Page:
How Democrats Won and What That Means

114 million. That’s how many people voted in this year’s election. The last time over 100 million people voted in a midterm election was… never. 114 million. That’s nearly 45% of all registered voters in the U.S. A turnout rate of 45% nearly reaches levels only seen in presidential elections. What caused it and what does it mean?  

The economy is doing well: stock markets are up, jobs are being added, and the unemployment rate is at an historic low. The president’s approval rating is around 40%, similar to that of past presidents in midterm years. Taxes and the opioid crisis have been addressed by tangible acts from Congress. Objectively speaking, the nation is making progress on many fronts. But the administration’s hardline stances on immigration, voting rights, crime, and trade have deterred voters of all demographics, save this base of around 30 to 35% of the population.  

The separation of children from their families at the Mexico-U.S. border sparked international outrage and even condemnation from the United Nations. Constant scrutiny by objective and liberal media and politicians from both conservative and liberal wings kept the issue in the news. This may have decreased Latino support for the Republican party and its incumbents, helping Democrats take House seats in Florida and Texas.  

The suppression of voting rights presented itself without hesitation in Georgia, where State Secretary Brian Kemp, who is also the Republican nominee for governor, was found to have rejected voter registration applications of thousands of Georgians, with a disproportionate number of those rejected being black. If black support for Republicans was already low, it was nearly wiped out after news of that surfaced. Unfortunately, technical difficulties with voting machines may have cost Democratic nominee Stacey Abrams the election.  

China’s trade war with the U.S., which the latter started, hasn’t exactly helped farmers and other people in the agriculture industry. The focus on House districts in the Midwest, which unexpectedly slid toward Trump in 2016, may have shifted left back to the Democratic party thanks to the hit farmers have taken from tariffs.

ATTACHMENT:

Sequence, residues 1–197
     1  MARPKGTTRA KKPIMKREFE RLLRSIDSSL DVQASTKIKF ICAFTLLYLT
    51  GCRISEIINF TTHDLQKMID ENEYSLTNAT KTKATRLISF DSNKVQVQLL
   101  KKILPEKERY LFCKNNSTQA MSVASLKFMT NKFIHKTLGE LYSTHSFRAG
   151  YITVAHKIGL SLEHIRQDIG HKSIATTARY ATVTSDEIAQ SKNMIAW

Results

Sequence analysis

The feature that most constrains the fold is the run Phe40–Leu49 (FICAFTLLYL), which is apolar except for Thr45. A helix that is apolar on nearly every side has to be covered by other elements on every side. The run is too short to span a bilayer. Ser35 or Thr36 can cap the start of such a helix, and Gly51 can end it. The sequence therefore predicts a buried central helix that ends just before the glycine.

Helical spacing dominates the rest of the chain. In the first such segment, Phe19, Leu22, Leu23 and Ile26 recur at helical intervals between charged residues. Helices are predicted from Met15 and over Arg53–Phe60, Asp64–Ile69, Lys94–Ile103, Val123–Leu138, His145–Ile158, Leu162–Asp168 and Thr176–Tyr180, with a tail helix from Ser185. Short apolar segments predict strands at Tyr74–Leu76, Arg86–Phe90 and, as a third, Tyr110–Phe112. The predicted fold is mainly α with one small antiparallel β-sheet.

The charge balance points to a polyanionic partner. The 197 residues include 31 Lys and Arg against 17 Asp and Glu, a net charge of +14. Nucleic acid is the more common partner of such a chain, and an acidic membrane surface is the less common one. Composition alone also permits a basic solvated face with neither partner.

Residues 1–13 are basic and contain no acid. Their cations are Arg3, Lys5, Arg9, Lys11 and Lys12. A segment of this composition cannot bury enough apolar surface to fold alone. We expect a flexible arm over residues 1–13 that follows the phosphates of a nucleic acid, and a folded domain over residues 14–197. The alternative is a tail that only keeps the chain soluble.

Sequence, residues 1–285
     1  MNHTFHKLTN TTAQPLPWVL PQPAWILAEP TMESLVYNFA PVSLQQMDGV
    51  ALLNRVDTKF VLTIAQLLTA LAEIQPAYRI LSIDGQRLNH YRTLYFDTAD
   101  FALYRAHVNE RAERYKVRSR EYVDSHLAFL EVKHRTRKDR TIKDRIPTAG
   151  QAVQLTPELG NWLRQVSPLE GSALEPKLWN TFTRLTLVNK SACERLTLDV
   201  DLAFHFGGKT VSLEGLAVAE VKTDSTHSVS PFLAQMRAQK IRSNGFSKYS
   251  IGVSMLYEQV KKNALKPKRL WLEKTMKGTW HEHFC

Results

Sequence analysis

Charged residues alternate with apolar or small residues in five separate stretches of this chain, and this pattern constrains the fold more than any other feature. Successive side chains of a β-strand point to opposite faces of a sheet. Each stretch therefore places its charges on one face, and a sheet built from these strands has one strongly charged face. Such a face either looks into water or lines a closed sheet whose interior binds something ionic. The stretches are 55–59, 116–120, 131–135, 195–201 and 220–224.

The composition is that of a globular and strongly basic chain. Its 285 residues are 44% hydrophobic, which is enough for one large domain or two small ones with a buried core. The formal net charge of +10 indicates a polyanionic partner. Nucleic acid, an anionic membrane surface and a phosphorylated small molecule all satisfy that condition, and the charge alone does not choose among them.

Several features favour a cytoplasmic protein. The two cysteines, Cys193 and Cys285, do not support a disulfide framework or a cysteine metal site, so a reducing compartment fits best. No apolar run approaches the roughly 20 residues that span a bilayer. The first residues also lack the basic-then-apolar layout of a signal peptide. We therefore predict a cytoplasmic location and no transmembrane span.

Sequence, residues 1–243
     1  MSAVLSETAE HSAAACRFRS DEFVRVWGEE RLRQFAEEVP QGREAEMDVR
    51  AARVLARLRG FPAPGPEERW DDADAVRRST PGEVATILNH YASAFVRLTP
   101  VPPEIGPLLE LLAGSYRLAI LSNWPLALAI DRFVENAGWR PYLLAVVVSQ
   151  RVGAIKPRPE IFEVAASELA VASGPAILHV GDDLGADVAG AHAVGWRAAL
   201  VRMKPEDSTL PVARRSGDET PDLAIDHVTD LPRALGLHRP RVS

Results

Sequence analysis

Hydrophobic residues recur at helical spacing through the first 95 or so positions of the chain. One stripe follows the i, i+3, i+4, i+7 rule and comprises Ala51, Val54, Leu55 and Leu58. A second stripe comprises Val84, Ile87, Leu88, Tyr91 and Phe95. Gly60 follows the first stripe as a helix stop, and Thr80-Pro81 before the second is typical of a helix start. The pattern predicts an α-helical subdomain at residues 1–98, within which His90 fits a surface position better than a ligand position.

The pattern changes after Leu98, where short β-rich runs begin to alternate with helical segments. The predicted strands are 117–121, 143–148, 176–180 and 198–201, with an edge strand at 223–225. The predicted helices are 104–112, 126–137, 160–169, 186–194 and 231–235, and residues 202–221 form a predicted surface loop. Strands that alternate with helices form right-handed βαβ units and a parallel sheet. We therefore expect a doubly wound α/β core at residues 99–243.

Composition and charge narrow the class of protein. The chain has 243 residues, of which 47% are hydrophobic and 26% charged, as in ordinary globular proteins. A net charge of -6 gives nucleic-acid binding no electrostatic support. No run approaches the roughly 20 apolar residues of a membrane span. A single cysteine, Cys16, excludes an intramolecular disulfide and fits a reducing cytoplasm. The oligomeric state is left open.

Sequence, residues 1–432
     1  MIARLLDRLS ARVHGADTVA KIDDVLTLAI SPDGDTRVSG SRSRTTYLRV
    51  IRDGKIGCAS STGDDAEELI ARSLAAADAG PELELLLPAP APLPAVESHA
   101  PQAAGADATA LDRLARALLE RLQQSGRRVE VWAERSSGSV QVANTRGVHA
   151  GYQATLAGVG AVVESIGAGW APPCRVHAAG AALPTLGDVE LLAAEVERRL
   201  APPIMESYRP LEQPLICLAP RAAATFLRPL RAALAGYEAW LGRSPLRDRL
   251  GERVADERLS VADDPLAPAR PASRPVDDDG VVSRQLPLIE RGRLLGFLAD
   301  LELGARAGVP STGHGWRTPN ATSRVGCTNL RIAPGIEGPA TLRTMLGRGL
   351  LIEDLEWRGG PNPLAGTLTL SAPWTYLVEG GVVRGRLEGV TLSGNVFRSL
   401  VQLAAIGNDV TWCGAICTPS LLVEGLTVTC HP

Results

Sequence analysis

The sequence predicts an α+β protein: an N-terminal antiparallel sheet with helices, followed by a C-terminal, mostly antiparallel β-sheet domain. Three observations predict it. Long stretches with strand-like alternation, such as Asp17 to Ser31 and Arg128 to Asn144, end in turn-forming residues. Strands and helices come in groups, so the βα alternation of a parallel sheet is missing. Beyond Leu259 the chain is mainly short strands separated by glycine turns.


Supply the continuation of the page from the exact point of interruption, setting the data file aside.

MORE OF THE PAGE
Besides harmful policy, Trump’s own words on women may have helped Democrats win districts in suburban areas. In fact, experts looking at exit polls have theorized that women had a large part in helping the Democrats to victory in the House. But now that they have control, what does a Democratic majority in the House mean for the next two years?  

The majority party in the House controls all House committees. That includes committees responsible for investigations of government officials. The Mueller probe (partially) falls under this. This could explain the president’s (even more) irrational behavior in the days following the election, which included confrontations with journalists during a press briefing and firing the attorney general. Perhaps more importantly, now that Republicans don’t have control of both houses of Congress, House Democrats can serve as a check on the president, who has received cartes blanches from Republicans since Trump’s inauguration.  

2019 will be a very confrontational year. Trump will spend much of his time criticizing the Democratic leadership for preventing his agenda to progress. Government shutdowns are on the horizon. Many tweets about Nancy Pelosi are expected. And while Trump is busy attacking Democrats in Congress, he’ll also be fighting Democratic presidential candidates. The 2020 presidential contest has already started, and 2019 will see numerous announcements by Democratic party leaders, rebels, and newbies. That is, if the president finishes this term.